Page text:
A new BBC report has urged advertisers to focus more on the emotional impact of the content that they publish, as a strong response from consumers can result in a boost in purchase intention and brand affinity. It claims that marketers should move away from viewing hard data such as click-through rates as the most important means to measuring the effectiveness of content.
The BBC’s Science of Engagement report surveyed more than 9,000 consumers in leading markets including Australia, Germany and the US to see whether there is a link between campaign metrics and emotions. As part of the study, participants watched nine video campaigns created by big brands such as HSBC, Mazda and Huawei.
CrowdEmotion partnered with the BBC’s StoryWorks unit for the study, and the former monitored the facial muscles of participants viewing the selection of visual content while also asking further questions about traditional brand metrics. It found that serious emotions, including fear and sadness, can lead to a deeper relationship between viewers and advertisers on a “subconscious” level.
For example, a Huawei campaign centred on the work of blind artist John Bramblitt resulted in a substantial uptick in positivity towards the Chinese mobile giant. Meanwhile, a downbeat campaign from HSBC about the struggles of sustaining long-distance relationships led to a 217 per cent rise in brand awareness.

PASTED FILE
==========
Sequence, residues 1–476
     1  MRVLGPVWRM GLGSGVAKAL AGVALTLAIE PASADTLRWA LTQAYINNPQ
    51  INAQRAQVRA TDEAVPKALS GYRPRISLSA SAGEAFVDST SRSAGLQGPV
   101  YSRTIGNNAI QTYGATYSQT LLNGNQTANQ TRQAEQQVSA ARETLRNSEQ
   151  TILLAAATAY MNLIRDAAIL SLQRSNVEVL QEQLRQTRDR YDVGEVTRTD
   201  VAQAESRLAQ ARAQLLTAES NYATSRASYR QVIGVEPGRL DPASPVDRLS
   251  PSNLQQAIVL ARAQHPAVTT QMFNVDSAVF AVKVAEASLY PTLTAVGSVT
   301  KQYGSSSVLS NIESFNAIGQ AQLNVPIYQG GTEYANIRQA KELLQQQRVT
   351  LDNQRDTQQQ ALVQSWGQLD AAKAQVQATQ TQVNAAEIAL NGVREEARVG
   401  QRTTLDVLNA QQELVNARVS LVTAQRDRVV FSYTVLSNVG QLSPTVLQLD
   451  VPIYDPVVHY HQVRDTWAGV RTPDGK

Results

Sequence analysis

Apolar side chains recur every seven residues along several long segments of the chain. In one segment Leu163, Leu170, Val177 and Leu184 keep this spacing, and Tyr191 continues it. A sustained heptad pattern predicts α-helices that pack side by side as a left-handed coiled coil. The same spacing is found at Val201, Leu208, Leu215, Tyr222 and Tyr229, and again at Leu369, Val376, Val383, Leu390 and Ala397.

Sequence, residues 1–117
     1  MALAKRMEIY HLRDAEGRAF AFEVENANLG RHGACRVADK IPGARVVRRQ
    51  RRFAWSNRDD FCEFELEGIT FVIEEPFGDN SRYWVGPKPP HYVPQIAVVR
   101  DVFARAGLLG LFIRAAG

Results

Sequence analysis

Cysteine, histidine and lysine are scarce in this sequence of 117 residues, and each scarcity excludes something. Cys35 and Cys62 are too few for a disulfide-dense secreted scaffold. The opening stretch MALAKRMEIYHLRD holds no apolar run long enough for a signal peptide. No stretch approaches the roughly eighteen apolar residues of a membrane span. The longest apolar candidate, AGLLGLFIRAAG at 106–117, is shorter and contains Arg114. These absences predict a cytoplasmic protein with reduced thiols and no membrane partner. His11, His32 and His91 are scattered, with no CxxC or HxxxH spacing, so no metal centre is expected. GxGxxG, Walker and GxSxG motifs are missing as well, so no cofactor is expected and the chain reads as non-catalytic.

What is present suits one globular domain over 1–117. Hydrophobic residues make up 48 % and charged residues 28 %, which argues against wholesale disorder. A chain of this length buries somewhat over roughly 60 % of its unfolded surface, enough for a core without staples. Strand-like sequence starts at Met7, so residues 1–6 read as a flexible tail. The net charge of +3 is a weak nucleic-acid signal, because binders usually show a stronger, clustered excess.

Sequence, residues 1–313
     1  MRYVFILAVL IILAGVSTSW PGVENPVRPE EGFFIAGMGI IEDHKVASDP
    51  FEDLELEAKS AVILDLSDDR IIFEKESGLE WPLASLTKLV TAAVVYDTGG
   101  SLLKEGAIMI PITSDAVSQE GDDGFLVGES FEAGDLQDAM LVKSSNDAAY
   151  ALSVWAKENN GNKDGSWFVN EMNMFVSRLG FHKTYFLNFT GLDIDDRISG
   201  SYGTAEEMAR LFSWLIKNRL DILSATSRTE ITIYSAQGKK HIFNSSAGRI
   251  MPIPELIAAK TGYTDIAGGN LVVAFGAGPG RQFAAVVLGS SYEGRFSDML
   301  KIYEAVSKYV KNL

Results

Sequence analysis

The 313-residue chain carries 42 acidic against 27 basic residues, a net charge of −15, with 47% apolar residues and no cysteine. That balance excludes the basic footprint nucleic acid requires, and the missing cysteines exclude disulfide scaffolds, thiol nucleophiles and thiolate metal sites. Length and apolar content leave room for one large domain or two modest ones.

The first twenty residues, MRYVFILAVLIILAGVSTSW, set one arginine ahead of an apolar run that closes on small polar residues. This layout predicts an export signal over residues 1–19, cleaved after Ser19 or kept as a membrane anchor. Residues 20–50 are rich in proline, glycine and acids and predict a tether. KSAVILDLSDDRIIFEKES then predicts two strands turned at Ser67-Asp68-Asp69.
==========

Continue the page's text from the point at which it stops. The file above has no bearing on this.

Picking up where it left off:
Richard Pattinson, the head of BBC StoryWorks and the Senior Vice President of Content at BBC Advertising, stated: “This is a really important message to get across in terms of the effectiveness of content marketing.” He added: “It is a relatively new phenomenon for the advertising industry. [We want to] get brands and agencies to think about the importance of measuring the content itself. Actually, with content, you need a richer understanding than just click-through and even dwell time — what is the impact of a shorter piece compared to one that will take longer to consume?”
Comedic and other light-hearted material works too, as Hong Kong airline Cathay Pacific saw a notable increase in brand consideration and image from its upbeat video about in-flight dining. The study also noted that specific emotions, including happiness and puzzlement, had a positive impact on users sharing the content across social sites such as Facebook and Twitter.